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    Quote Originally Posted by artemis-wilde View Post
    @BigBrownDog - Made the post less rambling. Thanks for the advice.

    @AmyA92 - I'm so glad mine isn't the only lab that hates the tub. =) After his shots are done I'll take him to my cousin's where they have a big pool. Hopefully he'll like that. But does your retriever have trouble retrieving too? =D

    I'm sure he will love it! Might have to do some encouraging to get him in the pool but once he's in I bet you he will have the time of his life!! And no. Lol that's what Sophie's world revolves around is the tennis ball. Fetch is her all time favorite game. It wasn't always like that though..I would have to throw the ball in front of her..she would chase it..pick it up..and then that's when I jumped with joy, very enthusiastically told her to come here and she would bring it. This didn't happen all in one day but I'm sure duke will get the hang of it!! More pictures! He's adorable

  11. #9
    tammyhuffman is offline Senior Member
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    Often times puppies mouths are sore when teething and they are uninterested in playing fetch. Give him some time. I found wetting kitchen dish towels or wash cloths and freezing them then giving to puppy really helped with sore gums. Just make sure to supervise, you definitely don't want an expensive surgery to remove a swallowed towel!
    As for crate size, buy the size you will need as an adult and use dividers to make the space the appropriate size. Many come with the dividers but you can easily make one if necessary. Make sure puppy has enough room to stand, turn around and lay down comfortably.
    Personally. I would not use crazed, wound up puppy time to try training. I found that Maxx was often just over tired and I would put him in his crate where he would promptly fall asleep for 30 minutes or so and wake up his happy go lucky self. All dogs are different but training never would have worked for Maxx when he was that worked up.
    Definitely use vinegar or an odor neutralizer product like Natures Miracle to clean any accidents.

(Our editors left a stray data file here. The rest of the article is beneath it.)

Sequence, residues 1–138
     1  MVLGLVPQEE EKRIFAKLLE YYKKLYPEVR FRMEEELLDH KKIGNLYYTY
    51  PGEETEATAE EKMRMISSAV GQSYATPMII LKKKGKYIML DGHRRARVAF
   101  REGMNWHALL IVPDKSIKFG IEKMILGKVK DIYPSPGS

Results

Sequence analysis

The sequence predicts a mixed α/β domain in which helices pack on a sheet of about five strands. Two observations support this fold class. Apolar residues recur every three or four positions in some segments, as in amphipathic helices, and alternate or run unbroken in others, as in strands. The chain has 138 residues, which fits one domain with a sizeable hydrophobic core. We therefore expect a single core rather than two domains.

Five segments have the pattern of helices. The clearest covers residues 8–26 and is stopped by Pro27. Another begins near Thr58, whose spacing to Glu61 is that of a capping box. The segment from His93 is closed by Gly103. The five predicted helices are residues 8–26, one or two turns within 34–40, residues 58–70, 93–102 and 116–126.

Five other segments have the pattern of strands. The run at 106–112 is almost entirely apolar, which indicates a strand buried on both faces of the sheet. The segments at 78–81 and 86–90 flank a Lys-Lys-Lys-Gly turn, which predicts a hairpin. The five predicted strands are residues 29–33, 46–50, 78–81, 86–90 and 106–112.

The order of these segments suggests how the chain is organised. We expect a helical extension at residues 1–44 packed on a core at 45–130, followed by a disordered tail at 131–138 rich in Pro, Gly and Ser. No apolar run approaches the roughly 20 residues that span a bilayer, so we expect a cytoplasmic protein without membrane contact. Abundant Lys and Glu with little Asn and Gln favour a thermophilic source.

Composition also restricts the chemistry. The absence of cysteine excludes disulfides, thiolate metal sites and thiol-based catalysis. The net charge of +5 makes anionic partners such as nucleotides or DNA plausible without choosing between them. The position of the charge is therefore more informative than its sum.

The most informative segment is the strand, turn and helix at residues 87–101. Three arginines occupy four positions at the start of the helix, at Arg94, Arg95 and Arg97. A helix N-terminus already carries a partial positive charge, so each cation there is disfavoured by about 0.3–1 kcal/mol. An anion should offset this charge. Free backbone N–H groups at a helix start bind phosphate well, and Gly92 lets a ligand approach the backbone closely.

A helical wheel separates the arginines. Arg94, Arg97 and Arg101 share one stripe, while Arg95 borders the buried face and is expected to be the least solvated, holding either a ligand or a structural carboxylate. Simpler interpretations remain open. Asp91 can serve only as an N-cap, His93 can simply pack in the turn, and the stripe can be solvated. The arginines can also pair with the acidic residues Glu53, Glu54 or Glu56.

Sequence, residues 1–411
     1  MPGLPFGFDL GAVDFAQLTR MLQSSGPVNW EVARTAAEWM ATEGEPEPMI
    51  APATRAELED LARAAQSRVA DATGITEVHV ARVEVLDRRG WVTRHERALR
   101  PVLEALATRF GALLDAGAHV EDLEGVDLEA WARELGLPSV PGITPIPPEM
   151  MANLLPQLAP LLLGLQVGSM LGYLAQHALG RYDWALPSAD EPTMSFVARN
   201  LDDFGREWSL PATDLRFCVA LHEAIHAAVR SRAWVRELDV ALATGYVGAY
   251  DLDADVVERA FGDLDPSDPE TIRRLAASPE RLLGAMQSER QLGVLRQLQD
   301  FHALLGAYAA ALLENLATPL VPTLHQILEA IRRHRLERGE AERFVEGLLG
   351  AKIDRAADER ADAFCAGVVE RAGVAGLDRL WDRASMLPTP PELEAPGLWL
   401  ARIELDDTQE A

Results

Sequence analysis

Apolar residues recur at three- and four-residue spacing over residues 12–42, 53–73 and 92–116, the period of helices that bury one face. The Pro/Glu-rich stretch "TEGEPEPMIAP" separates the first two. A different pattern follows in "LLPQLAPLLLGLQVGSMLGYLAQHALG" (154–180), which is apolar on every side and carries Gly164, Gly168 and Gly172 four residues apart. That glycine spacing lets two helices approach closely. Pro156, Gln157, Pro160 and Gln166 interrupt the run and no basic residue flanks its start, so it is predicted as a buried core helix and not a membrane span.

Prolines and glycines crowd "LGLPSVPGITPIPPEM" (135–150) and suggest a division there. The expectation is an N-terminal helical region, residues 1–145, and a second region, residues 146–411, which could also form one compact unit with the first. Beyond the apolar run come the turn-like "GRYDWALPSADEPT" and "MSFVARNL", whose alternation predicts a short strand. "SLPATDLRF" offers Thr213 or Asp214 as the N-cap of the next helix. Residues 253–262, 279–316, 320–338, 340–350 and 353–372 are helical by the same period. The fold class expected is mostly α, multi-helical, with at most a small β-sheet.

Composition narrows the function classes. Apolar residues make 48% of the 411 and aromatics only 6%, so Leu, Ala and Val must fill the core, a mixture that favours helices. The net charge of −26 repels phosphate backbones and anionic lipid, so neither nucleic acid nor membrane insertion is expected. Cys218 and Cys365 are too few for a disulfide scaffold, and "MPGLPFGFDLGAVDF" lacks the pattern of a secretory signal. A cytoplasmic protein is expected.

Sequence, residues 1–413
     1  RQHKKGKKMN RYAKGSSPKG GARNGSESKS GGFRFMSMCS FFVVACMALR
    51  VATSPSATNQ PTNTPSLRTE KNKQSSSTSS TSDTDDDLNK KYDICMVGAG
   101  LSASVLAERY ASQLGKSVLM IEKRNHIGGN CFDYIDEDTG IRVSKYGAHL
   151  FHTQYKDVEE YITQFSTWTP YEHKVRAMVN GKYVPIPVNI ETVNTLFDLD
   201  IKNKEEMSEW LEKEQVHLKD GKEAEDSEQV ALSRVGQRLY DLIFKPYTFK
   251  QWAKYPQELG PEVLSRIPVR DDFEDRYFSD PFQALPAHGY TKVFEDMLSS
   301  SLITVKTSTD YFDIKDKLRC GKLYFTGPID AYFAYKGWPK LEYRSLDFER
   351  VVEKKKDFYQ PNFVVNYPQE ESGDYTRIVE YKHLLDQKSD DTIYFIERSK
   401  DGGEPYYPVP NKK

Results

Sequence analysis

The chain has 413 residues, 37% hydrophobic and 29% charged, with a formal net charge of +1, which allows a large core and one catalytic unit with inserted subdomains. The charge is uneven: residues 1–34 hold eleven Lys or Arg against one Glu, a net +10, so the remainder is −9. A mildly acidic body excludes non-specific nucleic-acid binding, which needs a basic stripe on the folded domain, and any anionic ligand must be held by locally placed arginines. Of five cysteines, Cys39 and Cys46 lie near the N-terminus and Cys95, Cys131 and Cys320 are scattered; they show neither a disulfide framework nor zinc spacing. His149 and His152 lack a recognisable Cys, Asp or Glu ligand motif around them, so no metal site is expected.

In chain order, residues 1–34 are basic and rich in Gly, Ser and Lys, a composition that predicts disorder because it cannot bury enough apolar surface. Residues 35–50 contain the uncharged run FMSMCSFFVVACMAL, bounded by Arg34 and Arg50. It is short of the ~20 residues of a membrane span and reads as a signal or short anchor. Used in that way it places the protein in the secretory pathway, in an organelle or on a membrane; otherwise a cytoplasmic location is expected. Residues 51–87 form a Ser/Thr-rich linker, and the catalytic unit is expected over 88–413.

Good luck, it sounds like you are definitely on the right track, puppies are so much fun and in no time that little puppy will be a distant memory! Enjoy him!
    Tammy
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    Sometimes the hardest part isn't letting go - but learning to start over.

  12. #10
    artemis-wilde is offline Junior Member
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    Quote Originally Posted by tammyhuffman View Post
    Often times puppies mouths are sore when teething and they are uninterested in playing fetch. Give him some time. I found wetting kitchen dish towels or wash cloths and freezing them then giving to puppy really helped with sore gums. Just make sure to supervise, you definitely don't want an expensive surgery to remove a swallowed towel!

    Personally. I would not use crazed, wound up puppy time to try training. I found that Maxx was often just over tired and I would put him in his crate where he would promptly fall asleep for 30 minutes or so and wake up his happy go lucky self. All dogs are different but training never would have worked for Maxx when he was that worked up.
    Huh. I didn't realize his gums might be quite that sore. He loves to lick ice, though we don't give it too often for fear he might catch a cold. I'll do the towel freezing thing today.

    No, I know what you mean. If I put Duke in a crate when he's riled up there's no way he would stay in. What I meant was while he's trying to bite my ankle or hands in his periodic bite-hard phases I could distract him by training him on commands like "sit", "down" and "roll over". I've already tested this and it works well to calm him down. If he's settled enough to register the commands and follow them then he no longer wants to actively mutilate my flesh. =D

    I know how quickly his puppy weeks vanishing. I wish they didn't grow up quite this fast. I won't ever be able to pick him up for random cuddles when he's all grown. =(